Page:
Family of Origin, available at: ForYourMarriage.org


Family of Origin

Must-Have Conversations

Family of Origin


While dating or engaged, it is exciting to look ahead to your future family.  It is also important, however, to look at your families of origin, or the family you grew up in.  Our experiences from our childhood, our relationships with parents and siblings, our cultural heritage and traditions, and our family practices all greatly influence our expectations and attitudes toward our future family.  There are going to be aspects of our family of origin that we would like to replicate in our future family, and other aspect which we would like to change. That is perfectly normal and expected.

It is important to remember that you and your significant other might have had very different experiences with your family while growing up, and even now, and you may have different expectations for your future family together. This is not only an opportunity to make decisions in regards to your future family, but also a great time to learn more about your significant other!

Questions for Discussion:

  • What aspects of your parents’ relationship do you admire?  What aspects do you hope not to imitate? Note: For couples with experience of divorce in one or both families of origin, you may want to read the Must Have Conversations: Commitment page to explore potential effects of your parents’ divorce on your future marriage.
  • How did your family communicate?  How did you resolve conflicts?  How did you make decisions? Are there communication patterns that you hope either to follow or to change in your own family?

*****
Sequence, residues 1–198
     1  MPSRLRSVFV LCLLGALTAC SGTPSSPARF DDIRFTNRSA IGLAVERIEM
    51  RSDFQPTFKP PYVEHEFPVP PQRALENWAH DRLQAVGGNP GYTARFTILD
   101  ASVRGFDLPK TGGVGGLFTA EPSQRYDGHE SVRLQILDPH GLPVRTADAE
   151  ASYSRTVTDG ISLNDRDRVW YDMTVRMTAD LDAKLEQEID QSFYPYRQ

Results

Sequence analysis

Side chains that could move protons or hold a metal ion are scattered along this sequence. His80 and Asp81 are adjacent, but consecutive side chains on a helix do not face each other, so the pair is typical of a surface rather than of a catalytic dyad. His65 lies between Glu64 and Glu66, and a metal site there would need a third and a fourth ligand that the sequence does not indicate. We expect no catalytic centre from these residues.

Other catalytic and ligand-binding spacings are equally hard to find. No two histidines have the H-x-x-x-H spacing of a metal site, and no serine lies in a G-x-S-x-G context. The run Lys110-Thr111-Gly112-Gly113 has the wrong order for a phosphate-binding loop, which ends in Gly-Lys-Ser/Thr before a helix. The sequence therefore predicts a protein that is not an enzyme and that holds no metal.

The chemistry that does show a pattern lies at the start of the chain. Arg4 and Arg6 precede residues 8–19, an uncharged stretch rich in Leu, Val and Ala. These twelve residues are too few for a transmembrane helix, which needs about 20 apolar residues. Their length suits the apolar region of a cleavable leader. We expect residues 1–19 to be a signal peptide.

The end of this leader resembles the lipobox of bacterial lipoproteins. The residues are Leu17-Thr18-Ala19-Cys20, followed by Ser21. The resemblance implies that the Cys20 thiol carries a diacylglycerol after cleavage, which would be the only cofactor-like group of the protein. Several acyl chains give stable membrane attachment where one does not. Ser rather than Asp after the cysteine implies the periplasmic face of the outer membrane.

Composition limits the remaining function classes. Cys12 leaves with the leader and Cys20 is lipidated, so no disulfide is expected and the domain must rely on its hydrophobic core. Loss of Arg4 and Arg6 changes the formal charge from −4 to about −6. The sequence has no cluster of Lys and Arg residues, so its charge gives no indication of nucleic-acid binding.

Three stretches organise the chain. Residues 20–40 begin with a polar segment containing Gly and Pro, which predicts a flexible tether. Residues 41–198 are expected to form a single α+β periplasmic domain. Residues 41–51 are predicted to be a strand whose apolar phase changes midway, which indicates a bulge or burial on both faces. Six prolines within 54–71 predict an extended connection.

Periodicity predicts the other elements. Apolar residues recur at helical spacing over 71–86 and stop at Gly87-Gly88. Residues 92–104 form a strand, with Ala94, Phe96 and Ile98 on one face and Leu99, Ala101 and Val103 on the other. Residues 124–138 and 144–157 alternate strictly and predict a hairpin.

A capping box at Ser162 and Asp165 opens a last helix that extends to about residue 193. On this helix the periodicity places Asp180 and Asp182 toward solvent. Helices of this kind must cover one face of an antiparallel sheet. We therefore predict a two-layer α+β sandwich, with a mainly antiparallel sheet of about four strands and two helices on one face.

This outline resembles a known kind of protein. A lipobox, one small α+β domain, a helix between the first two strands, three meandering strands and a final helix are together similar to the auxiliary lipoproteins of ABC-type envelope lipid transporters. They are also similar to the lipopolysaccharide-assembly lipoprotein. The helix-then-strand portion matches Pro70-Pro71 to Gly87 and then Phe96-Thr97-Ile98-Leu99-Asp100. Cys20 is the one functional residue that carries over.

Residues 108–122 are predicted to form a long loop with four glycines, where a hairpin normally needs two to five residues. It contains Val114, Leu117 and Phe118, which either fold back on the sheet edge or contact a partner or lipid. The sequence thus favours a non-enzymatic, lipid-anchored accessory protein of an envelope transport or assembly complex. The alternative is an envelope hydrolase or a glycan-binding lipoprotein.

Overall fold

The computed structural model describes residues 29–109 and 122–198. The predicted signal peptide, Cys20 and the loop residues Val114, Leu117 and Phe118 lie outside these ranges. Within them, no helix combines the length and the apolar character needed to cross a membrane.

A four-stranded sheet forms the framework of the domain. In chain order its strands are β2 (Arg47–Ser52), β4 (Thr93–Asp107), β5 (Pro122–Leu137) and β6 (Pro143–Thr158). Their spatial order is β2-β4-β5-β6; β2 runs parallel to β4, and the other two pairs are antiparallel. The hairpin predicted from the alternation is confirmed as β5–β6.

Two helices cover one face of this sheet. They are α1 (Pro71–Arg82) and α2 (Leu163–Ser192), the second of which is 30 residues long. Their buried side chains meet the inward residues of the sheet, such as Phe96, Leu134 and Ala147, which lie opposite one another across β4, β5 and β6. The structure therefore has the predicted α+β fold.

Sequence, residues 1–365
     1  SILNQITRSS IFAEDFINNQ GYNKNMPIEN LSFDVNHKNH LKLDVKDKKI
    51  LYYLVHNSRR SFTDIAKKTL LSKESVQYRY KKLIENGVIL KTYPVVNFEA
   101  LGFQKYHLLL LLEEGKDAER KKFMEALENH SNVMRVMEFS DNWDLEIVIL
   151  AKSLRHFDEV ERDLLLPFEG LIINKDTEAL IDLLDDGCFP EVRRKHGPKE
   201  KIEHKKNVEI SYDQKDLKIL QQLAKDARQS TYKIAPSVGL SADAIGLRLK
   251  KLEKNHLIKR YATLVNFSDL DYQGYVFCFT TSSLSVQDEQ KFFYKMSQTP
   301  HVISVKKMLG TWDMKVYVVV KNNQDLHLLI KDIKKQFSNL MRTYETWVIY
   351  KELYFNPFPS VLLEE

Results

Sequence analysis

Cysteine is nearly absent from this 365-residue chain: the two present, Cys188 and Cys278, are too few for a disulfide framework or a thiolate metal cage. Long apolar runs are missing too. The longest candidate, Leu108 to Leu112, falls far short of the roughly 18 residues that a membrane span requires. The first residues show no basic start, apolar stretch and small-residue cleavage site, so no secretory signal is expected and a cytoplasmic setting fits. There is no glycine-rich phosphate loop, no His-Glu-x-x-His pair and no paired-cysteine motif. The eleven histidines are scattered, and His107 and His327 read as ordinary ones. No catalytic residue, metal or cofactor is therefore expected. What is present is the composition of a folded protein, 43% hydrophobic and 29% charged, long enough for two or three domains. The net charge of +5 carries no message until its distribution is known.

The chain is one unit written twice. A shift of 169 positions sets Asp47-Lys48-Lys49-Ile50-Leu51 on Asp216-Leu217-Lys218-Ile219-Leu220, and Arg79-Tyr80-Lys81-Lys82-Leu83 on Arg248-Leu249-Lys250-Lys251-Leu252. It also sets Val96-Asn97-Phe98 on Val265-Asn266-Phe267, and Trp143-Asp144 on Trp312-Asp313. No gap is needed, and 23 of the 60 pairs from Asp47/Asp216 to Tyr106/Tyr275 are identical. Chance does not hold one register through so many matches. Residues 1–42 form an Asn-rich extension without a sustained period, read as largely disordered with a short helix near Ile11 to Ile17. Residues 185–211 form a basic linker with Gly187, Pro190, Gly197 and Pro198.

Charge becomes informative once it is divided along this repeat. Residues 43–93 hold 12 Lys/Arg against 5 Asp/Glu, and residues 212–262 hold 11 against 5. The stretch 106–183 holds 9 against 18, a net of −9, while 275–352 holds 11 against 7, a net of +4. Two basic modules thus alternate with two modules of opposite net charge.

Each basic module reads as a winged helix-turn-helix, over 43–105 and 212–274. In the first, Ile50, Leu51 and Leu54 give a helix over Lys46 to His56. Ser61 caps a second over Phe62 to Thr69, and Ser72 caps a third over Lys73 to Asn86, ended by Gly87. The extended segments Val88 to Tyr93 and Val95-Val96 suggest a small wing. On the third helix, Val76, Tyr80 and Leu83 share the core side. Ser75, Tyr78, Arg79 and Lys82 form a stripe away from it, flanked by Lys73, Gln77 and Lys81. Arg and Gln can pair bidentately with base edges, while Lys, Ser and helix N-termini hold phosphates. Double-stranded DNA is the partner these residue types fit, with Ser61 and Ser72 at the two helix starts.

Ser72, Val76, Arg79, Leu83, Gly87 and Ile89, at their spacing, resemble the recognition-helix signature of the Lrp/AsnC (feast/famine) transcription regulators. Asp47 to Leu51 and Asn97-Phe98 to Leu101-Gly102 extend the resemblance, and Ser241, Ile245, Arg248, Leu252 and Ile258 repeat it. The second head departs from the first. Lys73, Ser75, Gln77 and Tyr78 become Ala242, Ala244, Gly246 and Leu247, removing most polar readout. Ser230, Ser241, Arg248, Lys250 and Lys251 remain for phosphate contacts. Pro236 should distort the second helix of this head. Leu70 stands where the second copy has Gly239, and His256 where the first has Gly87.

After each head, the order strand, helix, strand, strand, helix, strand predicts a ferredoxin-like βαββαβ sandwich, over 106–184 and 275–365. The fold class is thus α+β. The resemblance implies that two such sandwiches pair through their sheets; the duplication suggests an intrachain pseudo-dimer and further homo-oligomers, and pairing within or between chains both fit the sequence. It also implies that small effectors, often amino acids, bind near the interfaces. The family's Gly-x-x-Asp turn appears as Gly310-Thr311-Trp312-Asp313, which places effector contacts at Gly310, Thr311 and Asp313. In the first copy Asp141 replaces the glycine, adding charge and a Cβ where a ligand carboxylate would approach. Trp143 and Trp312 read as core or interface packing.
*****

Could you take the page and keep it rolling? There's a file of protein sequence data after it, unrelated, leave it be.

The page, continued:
• What was your family of origin’s approach to money and finances?
  • What are some family traditions that you value and hope to bring into your future family? Have you discussed initial ideas about how, and with whom, you will celebrate holiday times such as Thanksgiving and Christmas?
  • Did your family spend time together?  What pastimes or recreational activities did they enjoy? Are these experiences you hope to have in your family one day?
  • What role did faith play in your family life?
  • What role did technology and media play in your family?
  • Do you have any concerns about becoming a member of your significant other’s family when you marry? Have you discussed appropriate boundaries to have with your future in-laws, for example communication pathways, what to do if a conflict arises, and how to decide when and how often to visit each other’s family?

Further Reading from For Your Marriage:



More For Your Marriage

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Family of Origin, available at: ForYourMarriage.org
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